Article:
you are entitled to your opinions, and to express them as best you can (apparently, not very well). But this is my blog, and I delete any post that contains curse words or personal insults. Your choice.

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  19. What I find funny about some of the religious types posting about Christianity on this thread, is that ID was supposedly NOT to be about Christianity. It's "science" remember, not religion.

    Of course the judge in the case saw through this ploy.

    But, of course, some don't seem to want to talk about the actual facts of this particular case, so let me point them out:

    1)The lawers for the plaintiffs were able to prove that the text book "Of Pandas and People" was originally intended as a Creationist (read Christian) text book and not simply a non-religious alternative to evolution.

    2) They also proved, with the help of the Discovery Institute's own Wedge Document, that ID is intended to get the Christian God back into public schools and, again, not simply as a scientific alternative to evolution.

    3) They destroyed Michael Behe on the stand, to the point that he was totally unable to provide a mechanism for his "theory" and was incorrect when it came to those who supposedly peer reviewed his book. (Wether he was intentionaly incorrect, I won't speculate.)

    And the best part....

    4) The caught the defendents, the since ousted school board members, LYING about statements they made about their Christian intentions in advocating for ID and about how they raised the money to buy the above mentioned text books. (On this last point, they are damn lucky the judge didn't charge them with perjury.)

    This is all in the cout transcripts, by the way, in case anyone want's to argue "liberal bias" or "judicial activism."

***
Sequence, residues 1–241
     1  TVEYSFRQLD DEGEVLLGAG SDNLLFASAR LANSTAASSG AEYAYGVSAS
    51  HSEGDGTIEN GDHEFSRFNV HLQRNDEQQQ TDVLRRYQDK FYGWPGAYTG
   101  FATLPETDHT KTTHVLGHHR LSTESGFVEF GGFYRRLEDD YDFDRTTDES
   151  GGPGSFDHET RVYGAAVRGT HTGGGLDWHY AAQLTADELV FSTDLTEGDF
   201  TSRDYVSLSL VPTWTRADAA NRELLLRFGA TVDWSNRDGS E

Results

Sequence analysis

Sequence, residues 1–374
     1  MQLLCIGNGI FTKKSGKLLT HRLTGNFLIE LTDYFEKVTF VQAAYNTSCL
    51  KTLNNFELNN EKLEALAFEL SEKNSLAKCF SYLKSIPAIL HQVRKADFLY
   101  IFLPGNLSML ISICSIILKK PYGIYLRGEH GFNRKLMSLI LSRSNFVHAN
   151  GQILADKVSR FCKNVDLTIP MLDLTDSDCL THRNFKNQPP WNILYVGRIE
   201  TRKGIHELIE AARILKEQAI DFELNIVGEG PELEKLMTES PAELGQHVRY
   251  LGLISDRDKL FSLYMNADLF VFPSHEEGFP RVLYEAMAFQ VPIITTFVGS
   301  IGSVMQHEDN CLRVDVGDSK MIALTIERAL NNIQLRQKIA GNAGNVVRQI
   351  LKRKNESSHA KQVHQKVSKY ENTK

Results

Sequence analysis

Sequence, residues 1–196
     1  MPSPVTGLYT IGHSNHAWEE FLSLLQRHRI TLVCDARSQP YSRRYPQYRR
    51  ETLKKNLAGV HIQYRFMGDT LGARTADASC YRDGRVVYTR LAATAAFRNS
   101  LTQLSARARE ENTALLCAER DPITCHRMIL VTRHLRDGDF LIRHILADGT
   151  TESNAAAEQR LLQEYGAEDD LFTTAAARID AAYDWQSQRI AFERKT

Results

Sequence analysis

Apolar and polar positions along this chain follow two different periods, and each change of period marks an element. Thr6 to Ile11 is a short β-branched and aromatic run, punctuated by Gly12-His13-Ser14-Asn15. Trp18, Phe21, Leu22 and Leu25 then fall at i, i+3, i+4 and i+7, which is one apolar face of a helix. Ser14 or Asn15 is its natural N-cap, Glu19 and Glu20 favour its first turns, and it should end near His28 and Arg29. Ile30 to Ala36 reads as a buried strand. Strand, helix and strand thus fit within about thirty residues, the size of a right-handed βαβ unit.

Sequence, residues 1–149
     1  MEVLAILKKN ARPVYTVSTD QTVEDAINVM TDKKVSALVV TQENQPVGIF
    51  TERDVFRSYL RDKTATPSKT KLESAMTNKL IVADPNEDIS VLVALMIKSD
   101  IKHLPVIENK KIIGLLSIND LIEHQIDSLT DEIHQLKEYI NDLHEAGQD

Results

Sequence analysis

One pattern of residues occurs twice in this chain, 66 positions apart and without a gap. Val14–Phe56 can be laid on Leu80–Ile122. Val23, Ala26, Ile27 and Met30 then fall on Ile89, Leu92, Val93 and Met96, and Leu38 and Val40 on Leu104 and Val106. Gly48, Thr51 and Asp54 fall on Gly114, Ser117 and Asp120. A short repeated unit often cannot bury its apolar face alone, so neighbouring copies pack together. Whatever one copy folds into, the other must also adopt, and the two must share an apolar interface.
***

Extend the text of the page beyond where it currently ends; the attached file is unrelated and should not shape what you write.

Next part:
Of course, maybe Creationists condone lies and deceit in the pursuit of political gain.

    Noah

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  20. Yeah, Noah, but it shouldn't be surprising (I do sense some sarcasm in your first paragraph there though...)

    When the heat is turned up, people lose control and show the real motives behind all the well planned facade (when there is one to begin with, that is). Just remember how the comedian Pat Robertson blew it up for them with the whole "you voted god out" thing a while ago. I wonder what he'll say of this judge. Who was described as a Republican, church goer, Bush-appointed judge, by the way.

    J

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  21. That 1892 case did not rule that America was a Christian nation, at least not in any formal or legal sense. In the written opinion of the case it was said that America was predominantly Christian (i.e. most citizens were Christian.) ... Duh.

    The whole "it established that America was a Christian nation" thing is another one of David Barton's lies.

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  22. James,

    While it's all nice and good to quote the Founding Fathers extolling the alleged virtues of Christianity (assuming your quotes are even true and not fabrications, as many are), that still doesn't mean that they wanted the government to *enforce* Christianity. Some undoubtedly saw Christianity as a useful thing for keeping the unwashed masses behaving "morally", but that doesn't mean they wanted the government to mandate it.